Gulf Power losing long-term offtakers for power from Scherer Unit 3

Gulf Power told the Florida Public Service Commission on May 24 that it wants to change its accounting for the share of the coal-fired Scherer Unit 3 in Georgia that it owns.

The 3,600-MW Scherer plant is co-owned by several parties, including plant operator Georgia Power, which like Gulf Power is a subsidiary of Southern Co. (NYSE: SO).

Said the May 24 filing: “Effective January 1, 2016, for the first time since Scherer Unit 3 began commercial operation on January 1, 1987, a majority of Gulf’s ownership in Scherer is now uncommitted to interim long-term off system power sales and no new off system sales are anticipated. This change is a result of the expiration at the end of its term of a purchased power agreement (‘PPA’) committing 110 megawatts from Gulf’s ownership in Scherer Unit 3 to a Florida utility from the summer of 2010 through December 2015. At the end of May 2016, another 50 megawatts to a Florida utility comes out from under the commitment to interim long-term off system sales. This occurs when the next contract tied to Gulf’s ownership in Scherer Unit 3 expires at the end of its term.

“Finally, on January 1, 2020, for the first time since Scherer Unit 3 began commercial operation, 100 percent of Gulf’s ownership interest in Scherer will be available to serve Gulf’s native load customers in Northwest Florida when the last 50 megawatts of Gulf’s ownership share comes out from under the commitment to interim long·term off system sales due to the expiration at the end of its term of the third and final PPA in effect since the summer of 2010.

“Thus, between January 1, 2016, and December 31, 2019, increasing amounts of Gulf’s ownership in Scherer are no longer supported on an interim basis by revenues from interim long-term off system sales. It is therefore appropriate for the current investment and related expenses to now be reflected as serving the native load customers for whom it was originally planned, acquired and built for the remaining life of Scherer Unit 3. This was the plan all along as evidenced by the decisions of the Commission when it encouraged Gulf to pursue acquisition of its ownership in Scherer as a prudent and cost effective alternative to generation that Gulf was otherwise planning to construct during the late 1970s and early 1980s at the Company’s Caryville site.”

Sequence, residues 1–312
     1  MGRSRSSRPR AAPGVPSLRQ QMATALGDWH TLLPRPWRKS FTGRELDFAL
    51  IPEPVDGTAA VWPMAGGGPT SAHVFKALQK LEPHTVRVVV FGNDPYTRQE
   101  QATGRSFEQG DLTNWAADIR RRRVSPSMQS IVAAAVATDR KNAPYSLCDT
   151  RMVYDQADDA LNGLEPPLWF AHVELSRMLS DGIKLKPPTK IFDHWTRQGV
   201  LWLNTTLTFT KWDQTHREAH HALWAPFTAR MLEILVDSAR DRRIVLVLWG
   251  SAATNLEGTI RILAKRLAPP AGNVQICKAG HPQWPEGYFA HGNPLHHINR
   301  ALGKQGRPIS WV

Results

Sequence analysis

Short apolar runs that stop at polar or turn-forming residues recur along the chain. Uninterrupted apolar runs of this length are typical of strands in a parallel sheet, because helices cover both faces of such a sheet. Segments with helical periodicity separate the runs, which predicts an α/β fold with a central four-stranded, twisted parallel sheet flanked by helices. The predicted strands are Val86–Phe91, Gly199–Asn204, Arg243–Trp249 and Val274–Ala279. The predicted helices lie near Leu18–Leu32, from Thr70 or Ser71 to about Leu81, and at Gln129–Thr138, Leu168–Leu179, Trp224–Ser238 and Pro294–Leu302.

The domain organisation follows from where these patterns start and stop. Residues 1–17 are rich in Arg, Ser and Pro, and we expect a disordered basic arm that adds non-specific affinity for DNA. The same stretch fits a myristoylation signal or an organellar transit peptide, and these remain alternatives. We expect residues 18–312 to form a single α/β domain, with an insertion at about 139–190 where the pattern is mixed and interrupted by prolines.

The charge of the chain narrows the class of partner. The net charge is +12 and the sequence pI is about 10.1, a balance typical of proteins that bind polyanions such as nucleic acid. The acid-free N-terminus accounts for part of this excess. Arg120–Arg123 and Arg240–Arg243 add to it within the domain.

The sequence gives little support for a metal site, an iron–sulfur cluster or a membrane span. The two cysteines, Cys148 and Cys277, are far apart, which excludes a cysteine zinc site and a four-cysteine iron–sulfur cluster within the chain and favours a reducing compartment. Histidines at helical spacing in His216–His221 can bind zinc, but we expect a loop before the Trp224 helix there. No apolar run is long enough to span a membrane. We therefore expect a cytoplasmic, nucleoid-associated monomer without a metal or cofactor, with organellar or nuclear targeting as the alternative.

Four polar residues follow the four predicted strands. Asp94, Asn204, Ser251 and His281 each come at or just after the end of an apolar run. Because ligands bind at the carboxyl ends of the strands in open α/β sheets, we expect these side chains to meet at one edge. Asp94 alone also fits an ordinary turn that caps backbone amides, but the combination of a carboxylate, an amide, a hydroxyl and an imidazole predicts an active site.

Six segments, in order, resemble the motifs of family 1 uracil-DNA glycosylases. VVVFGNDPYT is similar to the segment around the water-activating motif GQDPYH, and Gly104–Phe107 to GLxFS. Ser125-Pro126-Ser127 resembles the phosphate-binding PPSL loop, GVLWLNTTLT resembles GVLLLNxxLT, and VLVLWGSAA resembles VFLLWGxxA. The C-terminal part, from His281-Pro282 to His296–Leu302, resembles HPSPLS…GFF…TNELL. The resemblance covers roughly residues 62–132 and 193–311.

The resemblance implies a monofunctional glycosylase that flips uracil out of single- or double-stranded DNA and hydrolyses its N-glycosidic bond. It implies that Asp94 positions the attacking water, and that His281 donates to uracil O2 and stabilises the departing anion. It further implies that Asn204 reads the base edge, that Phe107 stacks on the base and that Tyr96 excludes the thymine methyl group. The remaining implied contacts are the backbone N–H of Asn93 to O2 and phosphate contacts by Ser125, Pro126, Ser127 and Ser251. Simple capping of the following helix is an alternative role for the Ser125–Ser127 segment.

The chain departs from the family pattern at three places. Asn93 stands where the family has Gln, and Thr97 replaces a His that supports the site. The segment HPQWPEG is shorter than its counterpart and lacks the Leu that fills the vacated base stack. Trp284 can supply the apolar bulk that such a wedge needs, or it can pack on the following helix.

Scherer is located in Juliette, Ga., just north of Macon and approximately 70 miles south of Atlanta. The four-unit plant is co-owned by Georgia Power, Oglethorpe Power Corp., Florida Power & Light, Municipal Electric Authority of Georgia, Gulf Power, Jacksonville Electric Authority (JEA) and Dalton Utilities. The plant is one of the nation’s largest single users of Powder River Basin coal.

Said Gulf Power’s May 24 filing: “During the period that Gulf’s ownership of Scherer has been committed to interim long-term off system sales, the Company has retired seven of its older and smaller fossil-fired generation units. Between 2003 and 2006, Gulf retired Crist Units 1, 2 and 3 representing approximately 94 megawatts of generating capacity (Generation Maximum Nameplate capacity as reflected in Gulf’s Ten Year Site Plan filings). Between April 2014 and April 2016, Gulf retired its two oldest coal-fired generation units (Scholz 1 and 2) and the two coal-fired units at Plant Smith (Smith 1 and 2), representing approximately 397 megawatts of generating capacity. Gulf’s Scherer Unit 3 is effectively the long-term replacement for approximately 45 percent of this retired generation (approximately 223 megawatts replacing approximately 491 megawatts measured on a Generation Maximum Nameplate basis).”

About Barry Cassell 20414 Articles
Barry Cassell is Chief Analyst for GenerationHub covering coal and emission controls issues, projects and policy. He has covered the coal and power generation industry for more than 24 years, beginning in November 2011 at GenerationHub and prior to that as editor of SNL Energy’s Coal Report. He was formerly with Coal Outlook for 15 years as the publication’s editor and contributing writer, and prior to that he was editor of Coal & Synfuels Technology and associate editor of The Energy Report. He has a bachelor’s degree from Central Michigan University.